One came in a name we wrote about a month ago—Shockwave Medical (SWAV) is using a proven technology to more effectively break apart calcium in clogged arteries, and with a better safety profile, too, with coronary applications the big draw today. The stock had a nice rebound in March and early April but imploded with the market after that, diving below its prior low last Monday. But then Q1 results were released (sales up 194%, earnings of 39 cents beating by 21 cents), leading to big upward revisions in estimates (analysts see earnings of $1.93 per share this year, up from $1.39 pre-report) and a surging stock: SWAV ended up rallying 18% last week on its heaviest weekly volume since December 2019! Let’s see if the stock can begin to round out a launching pad from here.


Another idea we’re keeping a distant eye on is Celsius Holdings (CELH), the maker of energy drinks that are actually designed for active people—they have no preservatives, aspartame or added sodium, and most important, have been proven (according to a few neutral studies) to actually boost metabolism and fat burning. The firm currently has 4% market share but is gaining more as distribution picks up (nationwide launches in Sam’s Club. Lifetime Fitness and Circle K locations recently, along with a big expansion within Walmart’s, too). To be fair, the SEC has been in touch here, and that (along with the market) was one reason the stock got hit so hard after its November peak. But since January, CELH has held support near 40 multiple times, and last week’s quarterly report (sales up 167%, earnings up 800%; analysts see both booming this year and next) brought another huge wave of support, with the stock rallying 11% for the week on the heaviest volume since last June.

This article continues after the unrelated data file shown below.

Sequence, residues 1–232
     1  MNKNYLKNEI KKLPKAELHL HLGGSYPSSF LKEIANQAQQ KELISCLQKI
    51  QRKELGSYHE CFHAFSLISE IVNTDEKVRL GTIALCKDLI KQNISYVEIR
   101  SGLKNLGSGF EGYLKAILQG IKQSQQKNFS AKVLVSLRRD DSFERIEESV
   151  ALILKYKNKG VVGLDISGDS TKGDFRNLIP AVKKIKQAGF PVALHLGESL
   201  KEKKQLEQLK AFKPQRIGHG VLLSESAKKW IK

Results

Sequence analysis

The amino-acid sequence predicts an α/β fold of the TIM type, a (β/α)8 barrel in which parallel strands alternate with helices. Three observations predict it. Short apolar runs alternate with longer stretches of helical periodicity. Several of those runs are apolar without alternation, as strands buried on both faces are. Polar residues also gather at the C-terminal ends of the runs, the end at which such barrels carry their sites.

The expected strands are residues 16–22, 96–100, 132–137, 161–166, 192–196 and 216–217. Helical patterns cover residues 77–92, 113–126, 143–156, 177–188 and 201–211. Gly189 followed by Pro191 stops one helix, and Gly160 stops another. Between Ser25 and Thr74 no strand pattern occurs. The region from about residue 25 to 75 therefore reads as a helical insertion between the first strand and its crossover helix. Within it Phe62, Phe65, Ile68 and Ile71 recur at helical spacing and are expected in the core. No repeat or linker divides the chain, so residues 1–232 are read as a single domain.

Again, CELH, like SWAV, still has plenty of work to do—maybe last week’s buying waves will fade if the market has another leg down. But barring actual setups (few are out there), outsized volume at key levels can be an early clue for a stock that wants to get going. Both SWAV and CELH are on our watch list.

The Fed: Important? Yes. All Powerful? No.
It was the late, great Marty Zweig that coined the phrase “Don’t Fight the Fed,” and there’s no doubt they have an influence over the economy and stock market. In fact, (very) long-time subscribers might remember the Power Index, which for years in the 1970s and 1980s was our most reliable market timing measure—it was based on the movement of short-term Treasuries, effectively telling us when the market was anticipating a tighter or looser Fed.

Today, of course, we have 40-year highs in inflation and the Fed is taking action, hiking rates and (soon) running off their balance sheet, and there’s little argument that is a reason stocks have been hit in recent months. But just realize that, while the Fed is a key input, the market can often look over the horizon to better times even if the Fed is still in a hawkish mood.